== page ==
Des Moines Metro Opera’s richly detailed production of Sondheim’s A Little Night Music left an appreciative audience to waltz home on air, and has prompted this viewer to search for adequate superlatives.

Longborough Festival Opera: A World Class Tristan und Isolde in a Barn Shed

Of all the places, I did not expect a sublime Tristan und Isolde in a repurposed barn in the Cotswolds. Don’t be fooled by Longborough’s stage without lavish red curtains to open and close each act. Any opera house would envy the riveting chemistry between Peter Wedd and Lee Bisset in this intimate, 500 seat setting. Conductor Anthony Negus proved himself a master at Wagner’s emotional depth. Epic drama in minimalistic elegance: who needs a big budget when you have talent and drama this passionate?

The Royal Concertgebouw Orchestra throws a glossy Bernstein party

For almost thirty years, summer at the Concertgebouw has been synonymous with Robeco SummerNights. This popular series expands the classical concert formula with pop, film music, jazz and more, served straight up or mixed together. Composer Leonard Bernstein’s versatility makes his oeuvre, ranging from Broadway to opera, prime SummerNight fare.

Die Frau ohne Schatten at Munich

It was fascinating to see — and of course, to hear — Krzysztof Warlikowsi’s productions of Die Gezeichneten and Die Frau ohne Schatten on consecutive nights of this year’s Munich Opera Festival.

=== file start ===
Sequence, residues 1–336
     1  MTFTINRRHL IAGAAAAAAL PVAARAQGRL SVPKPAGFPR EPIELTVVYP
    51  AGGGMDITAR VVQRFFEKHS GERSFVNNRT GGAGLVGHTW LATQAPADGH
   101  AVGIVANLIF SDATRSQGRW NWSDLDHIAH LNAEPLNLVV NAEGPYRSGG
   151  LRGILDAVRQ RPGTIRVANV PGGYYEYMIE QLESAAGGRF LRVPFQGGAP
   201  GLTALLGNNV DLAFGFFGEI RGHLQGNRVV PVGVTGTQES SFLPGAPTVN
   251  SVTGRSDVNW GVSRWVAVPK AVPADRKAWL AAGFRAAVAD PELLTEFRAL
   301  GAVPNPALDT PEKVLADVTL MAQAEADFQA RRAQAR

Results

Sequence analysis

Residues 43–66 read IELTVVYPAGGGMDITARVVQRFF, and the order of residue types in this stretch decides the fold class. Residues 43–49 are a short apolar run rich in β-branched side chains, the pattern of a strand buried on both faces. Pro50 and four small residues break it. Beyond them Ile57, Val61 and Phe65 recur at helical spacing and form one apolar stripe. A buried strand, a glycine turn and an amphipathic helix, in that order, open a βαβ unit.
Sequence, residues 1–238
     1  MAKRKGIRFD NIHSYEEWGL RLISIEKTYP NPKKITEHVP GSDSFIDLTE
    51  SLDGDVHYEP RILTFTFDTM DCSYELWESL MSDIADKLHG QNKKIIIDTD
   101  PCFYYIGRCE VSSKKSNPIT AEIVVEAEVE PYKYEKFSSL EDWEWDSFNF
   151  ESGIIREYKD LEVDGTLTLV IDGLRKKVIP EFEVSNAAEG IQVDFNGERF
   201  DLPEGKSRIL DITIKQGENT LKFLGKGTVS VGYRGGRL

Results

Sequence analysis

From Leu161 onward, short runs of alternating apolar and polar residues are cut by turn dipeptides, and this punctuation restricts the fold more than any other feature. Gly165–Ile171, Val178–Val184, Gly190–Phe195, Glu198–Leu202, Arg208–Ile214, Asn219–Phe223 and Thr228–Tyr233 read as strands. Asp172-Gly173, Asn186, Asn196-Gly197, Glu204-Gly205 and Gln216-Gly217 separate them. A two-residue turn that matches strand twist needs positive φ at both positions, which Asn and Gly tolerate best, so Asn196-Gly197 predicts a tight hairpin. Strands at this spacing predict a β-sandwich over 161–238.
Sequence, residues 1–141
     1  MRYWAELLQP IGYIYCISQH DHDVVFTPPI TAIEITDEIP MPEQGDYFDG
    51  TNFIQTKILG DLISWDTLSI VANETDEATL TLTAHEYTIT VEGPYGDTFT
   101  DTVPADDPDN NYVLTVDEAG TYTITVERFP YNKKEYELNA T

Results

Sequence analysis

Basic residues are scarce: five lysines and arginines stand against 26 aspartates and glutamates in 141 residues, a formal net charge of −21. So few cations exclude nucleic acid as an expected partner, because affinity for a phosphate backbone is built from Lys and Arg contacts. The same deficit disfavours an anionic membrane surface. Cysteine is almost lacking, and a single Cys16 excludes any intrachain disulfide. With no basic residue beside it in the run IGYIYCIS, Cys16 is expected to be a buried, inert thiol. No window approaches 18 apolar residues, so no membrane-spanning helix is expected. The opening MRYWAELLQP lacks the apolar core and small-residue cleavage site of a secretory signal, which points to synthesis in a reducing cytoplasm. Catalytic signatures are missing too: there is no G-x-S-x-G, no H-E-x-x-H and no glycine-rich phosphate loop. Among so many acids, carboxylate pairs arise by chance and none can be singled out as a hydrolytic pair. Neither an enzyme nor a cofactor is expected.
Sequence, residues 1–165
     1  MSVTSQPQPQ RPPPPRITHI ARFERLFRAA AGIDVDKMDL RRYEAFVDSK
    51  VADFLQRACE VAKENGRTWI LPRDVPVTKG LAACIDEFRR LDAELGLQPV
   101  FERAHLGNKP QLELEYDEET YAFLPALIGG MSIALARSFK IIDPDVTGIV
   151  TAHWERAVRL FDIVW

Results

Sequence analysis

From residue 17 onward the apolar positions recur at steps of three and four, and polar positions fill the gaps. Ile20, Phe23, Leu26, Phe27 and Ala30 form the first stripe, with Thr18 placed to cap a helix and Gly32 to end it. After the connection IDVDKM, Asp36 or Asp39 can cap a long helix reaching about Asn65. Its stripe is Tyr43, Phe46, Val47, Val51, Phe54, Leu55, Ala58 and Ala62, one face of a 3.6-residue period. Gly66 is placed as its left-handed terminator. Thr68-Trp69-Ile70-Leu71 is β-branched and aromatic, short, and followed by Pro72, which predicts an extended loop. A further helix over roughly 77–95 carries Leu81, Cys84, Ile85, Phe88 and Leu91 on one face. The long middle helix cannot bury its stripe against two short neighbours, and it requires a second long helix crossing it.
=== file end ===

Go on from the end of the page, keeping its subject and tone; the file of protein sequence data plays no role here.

OPERA TODAY ARCHIVES »

Performances

Elizabeth Zharoff as Konstanze, with Peter Dolder as Pasha Selim and Antonio Lozano as Belmonte [Photo by Kelly & Massa Photography courtesy of Opera Company of Philadelphia]
06 Mar 2012

Abduction from the Seraglio, Philadelphia

Abduction from the Seraglio contains not a single ironic or cynical moment. Enlightened mercy and sincere love triumph totally over revenge, slavery and tyranny.

W. A. Mozart: Abduction from the Seraglio

Click here for cast and other production information.

Above: Elizabeth Zharoff as Konstanze, with Peter Dolder as Pasha Selim and Antonio Lozano as Belmonte

Photos by Kelly & Massa Photography courtesy of Opera Company of Philadelphia

 

Despite its robust comedy, technical difficulty, and occasional exoticism, Mozart’s music is youthfully transparent. His fresh score transforms eternal stereotypes—two noble lovers, a spunky English maid with her enthusiastic if naïve boyfriend, and the crude barbarian overseer who would thwart them—into uniquely memorable individuals whose feelings we seem to intuit directly.